Organizational change managementIntroductionOrganizational change is a change that takes place in an organization and may have significant impacts on the organizational staff performs their duties. This occurs when there is a difference between how the staff is performing and what they should be doing for the success of the organization. Organizational change management is a designed method of changing organizations and their staff from their current state to the state is desired for success of the organization. Organizational change management aims at enabling the staff to take up and embrace changes that are implemented in the organization.
Organizational change takes place in different dimensions. It can occur when the organization changes its entire operational strategy for its success; an organization can eliminate or add some sections into its structure and also can change the overall nature of its operations. For organizations to succeed, they must pass through various important changes in their developments. Organizational managers must therefore make efforts to ensure that there is significant change in their organizations since it is their role in ensuring organization’s success (Stone 2005). Barriers to organizational changeInitiatives by the organizational managers may sometimes fail to succeed in the organization.
This may be due to barriers posed by the structure and procedures of the organization or the staff themselves. Some of the barriers to organizational change include inadequate planning, failure to consult and inadequate training. Inadequate planning comes in where the managers issue commands calling for change without prior training and information to the affected staff. Unlike machines, human beings have psychological needs that may hinder them from responding immediately to commands. Issuing new commands that are aimed at restructuring the organization may not be well embraced unless training is done to the employees to convince them to take up the new direction.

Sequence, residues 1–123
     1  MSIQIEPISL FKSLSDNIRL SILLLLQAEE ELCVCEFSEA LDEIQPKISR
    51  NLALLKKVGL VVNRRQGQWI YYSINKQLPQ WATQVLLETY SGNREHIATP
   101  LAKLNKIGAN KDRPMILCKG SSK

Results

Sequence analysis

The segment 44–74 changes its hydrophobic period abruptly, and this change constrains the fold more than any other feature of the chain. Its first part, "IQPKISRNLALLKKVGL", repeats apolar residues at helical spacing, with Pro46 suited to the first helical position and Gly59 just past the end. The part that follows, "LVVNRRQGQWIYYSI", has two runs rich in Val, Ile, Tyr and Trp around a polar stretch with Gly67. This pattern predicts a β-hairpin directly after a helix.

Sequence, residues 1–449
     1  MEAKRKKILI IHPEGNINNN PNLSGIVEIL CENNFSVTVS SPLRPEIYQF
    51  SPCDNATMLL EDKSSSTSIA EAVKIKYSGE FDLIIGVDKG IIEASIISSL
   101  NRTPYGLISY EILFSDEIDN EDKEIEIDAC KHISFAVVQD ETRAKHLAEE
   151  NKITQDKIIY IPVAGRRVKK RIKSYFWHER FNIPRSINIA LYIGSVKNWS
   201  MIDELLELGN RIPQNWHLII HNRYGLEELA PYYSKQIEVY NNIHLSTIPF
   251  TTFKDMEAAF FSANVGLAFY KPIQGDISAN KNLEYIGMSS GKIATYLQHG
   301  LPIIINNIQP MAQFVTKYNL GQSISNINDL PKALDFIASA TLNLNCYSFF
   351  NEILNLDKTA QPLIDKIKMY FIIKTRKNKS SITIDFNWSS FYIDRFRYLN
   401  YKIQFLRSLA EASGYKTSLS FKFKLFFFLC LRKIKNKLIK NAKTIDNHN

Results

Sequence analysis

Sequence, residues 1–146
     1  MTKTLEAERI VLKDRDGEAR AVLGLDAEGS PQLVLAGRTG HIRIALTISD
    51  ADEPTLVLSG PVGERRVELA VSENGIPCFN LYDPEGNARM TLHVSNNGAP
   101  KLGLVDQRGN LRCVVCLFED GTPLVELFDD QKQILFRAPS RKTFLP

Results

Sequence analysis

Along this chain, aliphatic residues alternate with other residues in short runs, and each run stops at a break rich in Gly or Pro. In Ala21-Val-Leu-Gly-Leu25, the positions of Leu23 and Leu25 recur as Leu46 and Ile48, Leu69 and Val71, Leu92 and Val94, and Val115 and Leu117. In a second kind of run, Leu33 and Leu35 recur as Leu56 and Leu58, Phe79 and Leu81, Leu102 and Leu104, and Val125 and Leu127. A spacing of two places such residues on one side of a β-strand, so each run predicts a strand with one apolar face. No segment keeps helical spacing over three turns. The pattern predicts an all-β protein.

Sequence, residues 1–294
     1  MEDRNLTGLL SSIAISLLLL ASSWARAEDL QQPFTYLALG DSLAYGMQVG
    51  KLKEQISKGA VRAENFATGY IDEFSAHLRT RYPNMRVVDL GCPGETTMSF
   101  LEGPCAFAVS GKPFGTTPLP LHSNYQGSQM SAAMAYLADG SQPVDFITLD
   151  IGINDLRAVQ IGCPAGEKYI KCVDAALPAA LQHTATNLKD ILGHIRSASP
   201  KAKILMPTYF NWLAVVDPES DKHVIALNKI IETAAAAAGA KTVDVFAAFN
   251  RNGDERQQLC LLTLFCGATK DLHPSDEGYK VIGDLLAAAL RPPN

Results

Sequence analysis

The company should take consideration of the attitudes and their fears towards the restructuring process. When those doing the planning are very focused on their objective, they may fail to consider the fact that the planned changes may affect several other people in the organization. When the opinions of the employees are not considered, this will result in deep anger and may hinder the success of the anticipated change (Dent & Goldberg 2009).
Another barrier to organizational change is failure to adequately consult those who will get affected by the changes. A notion that an organization can just be changed abruptly may create anger and resistance to the planned change. For a change to be properly embraced, the relevant members should ne fully informed and their opinions on the planned changes considered. Those who are required to participate in the process should be consulted and also the experts in a certain field that will be effected.
For example in the Kate Lahey article about the Telstra company, the plan of restructuring the organization that will involve appointment of two chief operating offices is reaching the other employees as rumours. This has resulted into resignation of one of the executives, an indication that they were not consulted when the plans were being laid. Consulting will help in eliminating blame in case the plan does not succeed.